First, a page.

The pharmaceutical industry is a booming business in the United States because people rely on medications to treat various illnesses. Although medications must go through many tests and clinical trials before being approved for use, serious health risks often become apparent only after a drug has been aggressively marketed and prescribed to millions of patients.
- Prescription medications prescribed by a physician and filled at a pharmacy
- Over the counter (OTC) medications available without a prescription
- Medications administered by health care providers in a hospital, surgical, or other clinical setting
When a medication causes serious side effects or death, a drug lawsuit may help victims or their family members receive compensation for medical expenses, lost wages, pain and suffering, and other damages.
We represent individuals or loved ones of those who have been harmed by dangerous medical drugs and have filed drug lawsuits against pharmaceutical companies.
Types of Medication
Prescription medication is licensed and regulated by legislation and requires a medical prescription before a patient can obtain it. The Federal Food, Drug, and Cosmetic Act defines which drugs require a prescription, in the United States. These drugs are generally authorized by veterinarians, dentists, optometrists, medical practitioners, and advanced practice nurses.
The safety and effectiveness of prescription drugs in the U.S. are regulated by the federal Prescription Drug Marketing Act of 1987, which is implemented by the U.S. Food and Drug Administration (FDA).
Over time, some drugs that prove themselves safe and appropriate as prescription medicines may be switched from prescription to over the counter, or OTC, medication.
An OTC drug is a medication that can be sold directly to a consumer without a prescription from a health care professional. Over-the-counter drugs made by different manufacturers to treat the same condition must have the same active pharmaceutical ingredients but may differ in formulations or combinations of other ingredients.
Some OTC drugs still require patients to visit a pharmacy and consult with a pharmacist or fill out paperwork to acquire the drug. However, many OTC drugs are available in stores, supermarkets, gas stations, or other retailers without a pharmacy or pharmacist.
Surgical / Clinical
Surgically or clinically administered drugs are medications given to a patient when he or she is receiving professional medical attention or during a medical procedure. This may occur during a medical examination, outpatient surgical procedure, or admittance to a hospital or other healthcare facility for surgery.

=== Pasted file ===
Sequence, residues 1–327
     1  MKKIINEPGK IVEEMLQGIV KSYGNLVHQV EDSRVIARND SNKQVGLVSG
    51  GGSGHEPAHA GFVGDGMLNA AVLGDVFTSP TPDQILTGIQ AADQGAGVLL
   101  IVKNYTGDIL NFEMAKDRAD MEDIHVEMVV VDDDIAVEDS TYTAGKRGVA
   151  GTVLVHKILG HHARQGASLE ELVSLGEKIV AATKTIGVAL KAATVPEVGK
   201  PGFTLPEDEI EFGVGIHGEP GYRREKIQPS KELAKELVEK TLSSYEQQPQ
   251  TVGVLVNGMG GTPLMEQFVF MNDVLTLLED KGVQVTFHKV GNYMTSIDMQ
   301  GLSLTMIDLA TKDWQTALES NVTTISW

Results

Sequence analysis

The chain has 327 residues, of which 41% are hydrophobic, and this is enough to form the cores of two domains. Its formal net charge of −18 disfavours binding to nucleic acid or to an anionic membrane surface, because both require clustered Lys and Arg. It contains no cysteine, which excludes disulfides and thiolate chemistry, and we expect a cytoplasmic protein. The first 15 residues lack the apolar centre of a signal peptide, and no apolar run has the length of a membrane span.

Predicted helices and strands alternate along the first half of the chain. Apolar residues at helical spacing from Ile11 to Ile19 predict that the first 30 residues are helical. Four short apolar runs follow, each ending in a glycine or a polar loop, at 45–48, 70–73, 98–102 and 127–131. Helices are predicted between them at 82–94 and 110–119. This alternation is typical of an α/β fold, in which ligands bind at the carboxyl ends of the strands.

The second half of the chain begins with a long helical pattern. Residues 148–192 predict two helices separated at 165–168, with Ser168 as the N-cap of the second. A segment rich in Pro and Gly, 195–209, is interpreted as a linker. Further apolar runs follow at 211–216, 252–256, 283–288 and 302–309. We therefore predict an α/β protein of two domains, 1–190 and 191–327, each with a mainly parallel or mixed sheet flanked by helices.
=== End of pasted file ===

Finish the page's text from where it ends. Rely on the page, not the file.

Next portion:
Surgically administered drugs may also be included in the type of anesthesia used during surgery and may be given before and after a surgical procedure to prevent problems.
Surgical drugs may include:
- Pain relievers
- Anticoagulants (blood thinners)
- Anesthesia drugs
- Mouth care products
Types of Recalls
The U.S. Food and Drug Administration (FDA) oversees the marketing of medical drugs in the U.S. and ensures each offers a “reasonable assurance of safety and effectiveness.” When a pharmaceutical manufacturer learns of a problem with one of its medications, the company must issue a recall to correct or remove the dangerous drug and inform the FDA.
There are three classes of medical drug recalls:
Class I: Involves a situation where there is a reasonable chance that medication will cause serious health problems or death.
Class II: Involves a situation where medication may cause a temporary or reversible health problem or a slight chance to cause serious health problems or death.
Class III: Involves a situation where medication is not likely to cause any health problem or injury.
Some reasons why medications may be recalled:
- Safety concerns such as side effects
- Deviations in strength or potency
Medication Lawsuit Settlements
Beasley Allen Law Firm has a proven history of standing up against Big Pharma in bad drug lawsuits on behalf of individuals or their loved ones who have been harmed or killed by dangerous drugs. Perhaps one of the best-known pharmaceutical lawsuits handled by Beasley Allen involves the prescription medication Vioxx.
In 2008, after more than five years of hard-fought and difficult litigation, Merck agreed to pay $4.85 billion—the largest pharmaceutical settlement in history—to resolve certain claims involving plaintiffs who suffered a heart attack (including sudden cardiac death) or a stroke after taking the nonsteroidal anti-inflammatory drug Vioxx.
Beasley Allen’s Andy Birchfield and his team played an integral role in developing the Settlement Program and in Merck agreeing to settle these cases.
Since Vioxx, our firm has obtained many other verdicts and settlements on behalf of people nationwide injured by dangerous drugs.
Filing a lawsuit
Let us put our resources to work for you. If you are an attorney, we can competently and conscientiously assist you in handling any group of cases, no matter how large. If you are an individual who has been injured by a medical drug or defective medical device, let us provide the strength you need to obtain justice.
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